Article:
Magnolia stellata in yesterday’s spring gale
“Learn then to dance, you that are princes born,
And lawful lords of earthly creatures all;
Imitate them, and therefore take no scorn,
For this new art to them is natural.
And imitate the stars celestial;
For when pale death your vital twist shall sever,
Your better parts must dance with them forever.”
Stanza 60 from Orchestra or Poem of Dancing by Sir John Davies English poet, lawyer and politician (1569- 1626). You can find the full work HERE.
And more about Sir John Davies HERE.
But for now, why not do as the poet and Mr. Bowie says: Let’s Dance…
37 thoughts on ““And imitate the stars celestial…”
Loving the contrast in dancing, my feet are already moving 🙂
And moving feet is surely a good antidote to this morning’s frigid temps. We’re having snowy swirlings again in Shropshire.
Yikes on the snow – brilliant blue skies and sunshine here, but also a bitter wind so dancing is definitely the only option here too!
That wind is so cruel.
Feels like a very Portuguese winter at the moment. If you’re in a sheltered spot it’s glorious, but anywhere else you need the thermals!
I presently feeling very glad of my thick felted wool slippers, and biggest sweater.
Not surprised, I know these are typical temperatures for April but . . . . . .
Can’t believe your weather! Would have loved a dance with Mr Bowie 🤗💕
Oh yes, to dance with Mr. Bowie! As to the weather, the wind is like a blast of icicles, lots of vicious little frozen fangs.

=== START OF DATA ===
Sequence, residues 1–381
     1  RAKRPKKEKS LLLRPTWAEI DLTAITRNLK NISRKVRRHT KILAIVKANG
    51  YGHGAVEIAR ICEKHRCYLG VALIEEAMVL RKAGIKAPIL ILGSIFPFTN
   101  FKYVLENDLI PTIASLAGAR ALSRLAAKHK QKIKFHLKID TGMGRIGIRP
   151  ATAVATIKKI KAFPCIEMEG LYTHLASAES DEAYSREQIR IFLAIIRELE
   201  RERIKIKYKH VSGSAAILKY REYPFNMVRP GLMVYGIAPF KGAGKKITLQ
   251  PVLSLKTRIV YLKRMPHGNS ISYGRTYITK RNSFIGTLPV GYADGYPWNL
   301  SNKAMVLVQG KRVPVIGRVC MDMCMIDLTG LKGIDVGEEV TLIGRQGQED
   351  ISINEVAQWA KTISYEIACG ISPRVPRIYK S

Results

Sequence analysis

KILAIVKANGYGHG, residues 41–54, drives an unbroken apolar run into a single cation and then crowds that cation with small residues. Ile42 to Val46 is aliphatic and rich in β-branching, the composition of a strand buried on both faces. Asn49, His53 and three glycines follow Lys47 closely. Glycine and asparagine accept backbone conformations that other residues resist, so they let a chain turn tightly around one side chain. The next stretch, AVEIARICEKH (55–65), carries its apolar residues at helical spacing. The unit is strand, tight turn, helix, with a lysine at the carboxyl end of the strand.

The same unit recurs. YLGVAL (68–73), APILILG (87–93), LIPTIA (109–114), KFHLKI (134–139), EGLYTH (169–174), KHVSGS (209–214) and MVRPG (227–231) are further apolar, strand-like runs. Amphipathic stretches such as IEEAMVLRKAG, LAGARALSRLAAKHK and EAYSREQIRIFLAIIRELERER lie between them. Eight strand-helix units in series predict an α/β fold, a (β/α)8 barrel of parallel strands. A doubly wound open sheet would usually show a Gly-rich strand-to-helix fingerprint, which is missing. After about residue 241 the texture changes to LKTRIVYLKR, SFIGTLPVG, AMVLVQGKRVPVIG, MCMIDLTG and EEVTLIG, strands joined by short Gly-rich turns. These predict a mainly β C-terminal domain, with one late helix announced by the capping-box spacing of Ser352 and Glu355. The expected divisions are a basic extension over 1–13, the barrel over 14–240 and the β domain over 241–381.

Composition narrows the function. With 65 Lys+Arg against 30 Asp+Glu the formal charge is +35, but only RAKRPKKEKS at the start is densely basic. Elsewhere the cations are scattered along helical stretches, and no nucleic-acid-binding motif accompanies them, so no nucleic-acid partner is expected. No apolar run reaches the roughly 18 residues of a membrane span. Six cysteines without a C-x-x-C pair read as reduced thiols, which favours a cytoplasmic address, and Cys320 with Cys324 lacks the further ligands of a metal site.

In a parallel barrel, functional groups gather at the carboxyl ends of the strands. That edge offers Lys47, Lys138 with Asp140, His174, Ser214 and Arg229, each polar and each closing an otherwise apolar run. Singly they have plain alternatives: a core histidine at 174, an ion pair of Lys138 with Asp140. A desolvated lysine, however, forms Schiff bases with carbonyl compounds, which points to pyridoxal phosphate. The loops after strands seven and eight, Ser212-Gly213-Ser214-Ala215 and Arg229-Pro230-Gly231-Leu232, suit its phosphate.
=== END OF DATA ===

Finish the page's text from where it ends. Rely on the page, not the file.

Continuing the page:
Super! You don’t want to know….. 🌞💕
Some of us can’t dance to save themselves.
I don’t believe you. What about that well known African saying – if you can talk you can sing. If you can walk you can dance 🙂 🙂 🙂
They hadn’t met me when they included the second part 🙂
Ha! (I’m still not believing you.)
I have two left feet and when I try to dance, I am always out of tune with the music and myself and I don’t think dance lessons can cure it
Ah! You can move to your own inner rhythms then. Here’s an option from ‘Gregory’s Girl’
Good old magnolia stellata
It is such a garden stalwart, and fairly obliging too over where it grows.
Tish what a lovely post. Your photos are bright and stunning. The entire post is a lot of fun. 🙂
Many thanks, Marsha. Am aiming for brightness 🙂
You got it! 🙂
Celestial stars dancing indeed! Great photo and lovely verse and an exceptionally bright song. Dancing in my head right now 🤗🤗
Glad to stir up the dancing toes, albeit theoretically. The photo was a lucky shot, just caught when the wind blew up right in the sun’s face. Such rough manners.
the blooms look like they are waving to the sky with your lovely angled shot – am following the Davies link – thanks for that Tish
Happy to pass him on. It was a chance find for me too. The poem though epic in scale, seems to be a suitor’s charming inducement of Odysseus’s Penelope to dance. It starts off with the poet’s observation that Homer was too aged to remember to include mention of dancing in his wordy outpourings. I can see this might well prove fertile territory, Laura.
if she had danced it might have had a different ending – more like Clytemnestra 😉
Ooh! Now that would have been v. messy.
the dance macabre no less 🙂
Indeed a dark measure!
Lovely shots Tish; and thanks for the Bowie. Lovely song to wake up my day
I’m running late but the photo’s beautiful as is the poem. No time to listen right now, though. 😦
Great post and fantastic image.
Gorgeous words, the feeling is intoxicating. “And imitate the stars celestial…” I can just imagine the scintillating dance of those magnolia stellata “FlooowERS,” with wild sunshine sparking all around them. And now, listening, I cannot stop dancing. 😉 Cheers- Autumn Jade